does matter who gets mad) and the cable industry needs to make sure
it offers every advantage it can over its competitors (that means DBS).
That's where interactivity comes in. First, the cable operator arranges
to get some high-quality digital set-top boxes that basically put a
computer on top of the television set. Then you offer a slew of VOD
services, high-quality interactive content, and Internet access. The
subscribers cable bill becomes a little more expensive, and, most importantly,
they don't hit the road, enticed by Direct TV's "NFL Full Ticket:" Or,
maybe they do, but at least the cable operator did everything they could
to stop them.
least that's the way it's supposed to happen.
Cable operators can try to attract customers by using words like digital
and high speed, but the consensus among insiders is that the difference
is going to be content.
cable operators, the trick is finding out what services to layer on
top of that two-way network. Pick the right layers and they might create
an enticing package to viewers. Pick the wrong ones and the viewer won't
even notice they're offered.
Ken Klaer, vice president and general manager, marketing and business
development, subscriber networks, says that VOD is a perfect example
of a service that should effectively take advantage of the two-way stream.
Bandwidth-intensive content flows to the set-top, while low-bandwidth
commands, like VCR functionality, and head back from the viewer.
of the challenges for the cable operator is taking a server and integrating
it with the billing system and making sure the network is properly designed
and configured," he says.
also the question of how many servers will be needed to handle viewer
demand. David Greer, senior system consultant with Concurrent Computer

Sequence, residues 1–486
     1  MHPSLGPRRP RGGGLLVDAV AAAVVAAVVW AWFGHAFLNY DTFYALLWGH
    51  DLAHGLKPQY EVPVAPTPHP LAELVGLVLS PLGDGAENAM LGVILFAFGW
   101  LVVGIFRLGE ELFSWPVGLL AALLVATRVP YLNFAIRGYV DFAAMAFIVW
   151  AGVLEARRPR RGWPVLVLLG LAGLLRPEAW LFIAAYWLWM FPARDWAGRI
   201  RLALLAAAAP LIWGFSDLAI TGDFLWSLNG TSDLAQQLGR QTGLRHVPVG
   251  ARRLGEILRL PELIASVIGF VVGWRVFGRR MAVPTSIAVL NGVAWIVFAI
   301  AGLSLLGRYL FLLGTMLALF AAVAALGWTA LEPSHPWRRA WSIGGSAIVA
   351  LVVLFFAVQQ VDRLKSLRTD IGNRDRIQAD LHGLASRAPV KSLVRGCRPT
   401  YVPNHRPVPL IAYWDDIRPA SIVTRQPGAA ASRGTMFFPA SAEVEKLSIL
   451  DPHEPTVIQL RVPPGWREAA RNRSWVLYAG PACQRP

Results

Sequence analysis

Corp., says that a rule of thumb is 10% peak usage. So for 20,000 digital
subscribers plan for 2,000 streams to be available at the peak time.
At 320 streams handled per server, that would mean seven servers.
for many cable systems it still comes down to the set-top box. If they
deploy the right set-top box they can consider VOD. Scientific-Atlanta,
which currently offers the Explorer 2000, 3000 and 5000 digital set-tops
introduced three versions of its latest--the Explorer 6000.
first one is Internet-centric, with an additional Docsis tuner built
in, as well as additional processing speed and memory, says Klaer. "That's
three tuners in the set-top, with the Docsis tuner offering a way to
get high-speed data to the box. What the cable system does with it is
up to them."
other two models include a video-centric version that uses MPEG-2 for
its third tuner (allowing picture-in-picture or feeding of a second
television), and the third is an HDTV tuner. The Internet version ships
in September with the others shipping in the fourth quarter.
relationship between server and set-top is also important because the
greater the flexibility in the set-top box architecture the more the
placing of servers in strategic locations can help create more available
bandwidth. "You might want to put high-demand content on the servers
at the hub and manage it as a continuous VOD server," Klaer says.
says that he's already had experience getting VOD services up and running,
with a service for 50,000 Time Warner customers in Tampa Bay beginning
in the next week. He's also working with Cox Communications in San Diego
on an installation that will be rolled out later this year.
again, it might come back to content. And with the tremendous amount
of Internet content already out there, the easier it is to tap into
that content, the easier it might be to get customers excited.
adds that every application creator for Intertainer is done in either
HTML or Java, and at NCTA they announced that Intertainer will work
on Scientific-Atlanta's Explorer set-tops and the DCT-2000 and DCT-5000
from Motorola as well as a PC with a cable modem.
of those products can run off the same database, and that's important,
because we think operators need to stay completely neutral in terms
of hardware because there are constant efficiencies in hardware," he
says. "So we also work on nCube, SeaChange, and Concurrent servers."
will cable operators get it and not miss the opportunity to tap into
interactive? The consensus seems to be yes.
DCT5000 and the Sony Cablevision platforms will be showing operators
that by not being cheap you actually get advantages," says Taplin. "Chuck
Dolan is willing to spend a little money and he's getting something
cool, and I think AT&T will and Paul Allen will as well. A few people
will be leaders and then everyone else will have to follow. If you don't
you allow the PC to become the driving entertainment platform in the